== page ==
Since you’re getting a head start on things, you’ll be much better equipped to find the best deals.

Make a Wedding-Attendance Budget

While you’re in the planning stage, start to plan out exactly how much attending the wedding will cost you. Beyond just travel and accommodations, you’ll want to look at costs you’ll need to cover for local weddings as well.

Consider…

  • How much do you want to spend on a gift?
  • Do you think there will be a cash bar - and will you want to partake?
  • Are you going to need to cover cab fare?
  • Are you invited to any of the pre-wedding events, like the shower or the bachelor party?
  • Are there post-wedding events, like a family brunch the next day?
  • Are there any specific-to-you costs involved in going to an all-day, or overnight, event? (Like getting a babysitter or boarding your dog?)

As you work through this list, write down an estimate of how much you’ll spend on each item.

If you’ve never paid for a specific thing before, do a quick Google search to figure out what a reasonable amount is to spend on each, and add that number to your running total.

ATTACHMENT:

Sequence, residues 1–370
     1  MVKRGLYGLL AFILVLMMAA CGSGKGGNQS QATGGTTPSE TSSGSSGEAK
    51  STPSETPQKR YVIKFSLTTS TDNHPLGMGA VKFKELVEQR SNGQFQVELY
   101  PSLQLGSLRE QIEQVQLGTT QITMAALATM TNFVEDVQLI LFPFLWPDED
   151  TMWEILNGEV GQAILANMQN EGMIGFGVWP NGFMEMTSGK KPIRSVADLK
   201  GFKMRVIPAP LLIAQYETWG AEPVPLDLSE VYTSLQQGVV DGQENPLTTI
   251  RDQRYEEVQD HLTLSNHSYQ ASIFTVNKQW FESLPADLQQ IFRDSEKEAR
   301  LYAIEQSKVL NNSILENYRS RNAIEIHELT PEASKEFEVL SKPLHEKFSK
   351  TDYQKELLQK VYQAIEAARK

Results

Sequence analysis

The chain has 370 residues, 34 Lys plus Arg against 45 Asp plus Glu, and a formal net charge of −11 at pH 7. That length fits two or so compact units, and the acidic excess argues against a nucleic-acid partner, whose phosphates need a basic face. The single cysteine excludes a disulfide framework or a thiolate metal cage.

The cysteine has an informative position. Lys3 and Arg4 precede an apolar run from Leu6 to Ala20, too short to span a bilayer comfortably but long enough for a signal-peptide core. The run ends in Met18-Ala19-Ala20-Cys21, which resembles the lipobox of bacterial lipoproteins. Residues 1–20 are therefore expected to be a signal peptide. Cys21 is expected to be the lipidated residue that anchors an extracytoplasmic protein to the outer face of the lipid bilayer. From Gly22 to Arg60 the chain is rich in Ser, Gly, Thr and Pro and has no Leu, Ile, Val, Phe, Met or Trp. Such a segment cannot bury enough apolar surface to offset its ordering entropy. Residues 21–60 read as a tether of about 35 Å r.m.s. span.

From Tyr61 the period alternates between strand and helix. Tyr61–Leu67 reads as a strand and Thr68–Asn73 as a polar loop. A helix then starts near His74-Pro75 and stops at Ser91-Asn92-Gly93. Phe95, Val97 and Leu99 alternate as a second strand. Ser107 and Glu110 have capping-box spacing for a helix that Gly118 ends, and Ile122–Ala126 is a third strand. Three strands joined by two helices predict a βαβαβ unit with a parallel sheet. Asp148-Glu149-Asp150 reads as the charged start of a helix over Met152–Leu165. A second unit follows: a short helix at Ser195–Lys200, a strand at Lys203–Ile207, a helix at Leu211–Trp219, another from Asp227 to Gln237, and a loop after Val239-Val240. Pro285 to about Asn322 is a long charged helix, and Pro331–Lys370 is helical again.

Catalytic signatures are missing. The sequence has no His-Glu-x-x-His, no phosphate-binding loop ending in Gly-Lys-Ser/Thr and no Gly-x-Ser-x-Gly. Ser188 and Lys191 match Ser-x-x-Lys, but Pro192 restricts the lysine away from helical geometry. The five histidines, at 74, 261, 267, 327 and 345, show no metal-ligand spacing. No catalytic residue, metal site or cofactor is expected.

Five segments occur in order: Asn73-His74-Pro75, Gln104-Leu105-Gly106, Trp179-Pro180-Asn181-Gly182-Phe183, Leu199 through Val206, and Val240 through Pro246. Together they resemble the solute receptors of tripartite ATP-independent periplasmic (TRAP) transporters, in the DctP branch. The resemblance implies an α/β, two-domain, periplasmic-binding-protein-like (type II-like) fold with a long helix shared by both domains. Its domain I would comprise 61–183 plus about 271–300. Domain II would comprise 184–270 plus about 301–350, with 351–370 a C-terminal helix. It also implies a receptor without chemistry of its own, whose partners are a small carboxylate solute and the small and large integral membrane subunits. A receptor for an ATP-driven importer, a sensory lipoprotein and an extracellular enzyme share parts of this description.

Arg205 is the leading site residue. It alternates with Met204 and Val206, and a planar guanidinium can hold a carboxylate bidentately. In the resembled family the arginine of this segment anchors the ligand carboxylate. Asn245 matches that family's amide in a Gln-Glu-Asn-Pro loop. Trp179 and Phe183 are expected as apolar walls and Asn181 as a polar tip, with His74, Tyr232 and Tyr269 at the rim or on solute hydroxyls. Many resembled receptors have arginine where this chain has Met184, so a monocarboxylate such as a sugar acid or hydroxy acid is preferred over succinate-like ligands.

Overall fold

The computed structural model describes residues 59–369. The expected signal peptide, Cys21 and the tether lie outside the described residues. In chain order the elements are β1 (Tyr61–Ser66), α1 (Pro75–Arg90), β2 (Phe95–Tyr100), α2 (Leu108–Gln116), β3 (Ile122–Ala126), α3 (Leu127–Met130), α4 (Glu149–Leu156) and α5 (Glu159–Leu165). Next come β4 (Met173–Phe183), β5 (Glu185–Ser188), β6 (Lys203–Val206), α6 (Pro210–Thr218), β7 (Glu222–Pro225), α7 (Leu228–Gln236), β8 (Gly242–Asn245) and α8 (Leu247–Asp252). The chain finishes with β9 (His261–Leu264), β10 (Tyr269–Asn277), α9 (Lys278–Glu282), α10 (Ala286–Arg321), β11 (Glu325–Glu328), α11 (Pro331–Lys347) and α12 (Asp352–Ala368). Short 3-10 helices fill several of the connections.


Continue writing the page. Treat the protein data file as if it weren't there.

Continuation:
Related: How to Set - and Stick to - Your FUN Budget

Make a Wedding-Party Budget

If you’ve been honoured with an invite to stand up for a friend or family member as part of their wedding party, congratulations!

This is clearly going to be a special day for you and the people you’re close to. And they clearly value your presence at their big day.

This honour is going to come with a few extra line items in your wedding-attendance budget...So it’s important that you plan for the money side of things too.

You’ll need to take into account things like…

  • How much are you expected to spend on attire?
  • Are you on the hook to host events like the shower or the bachelor party?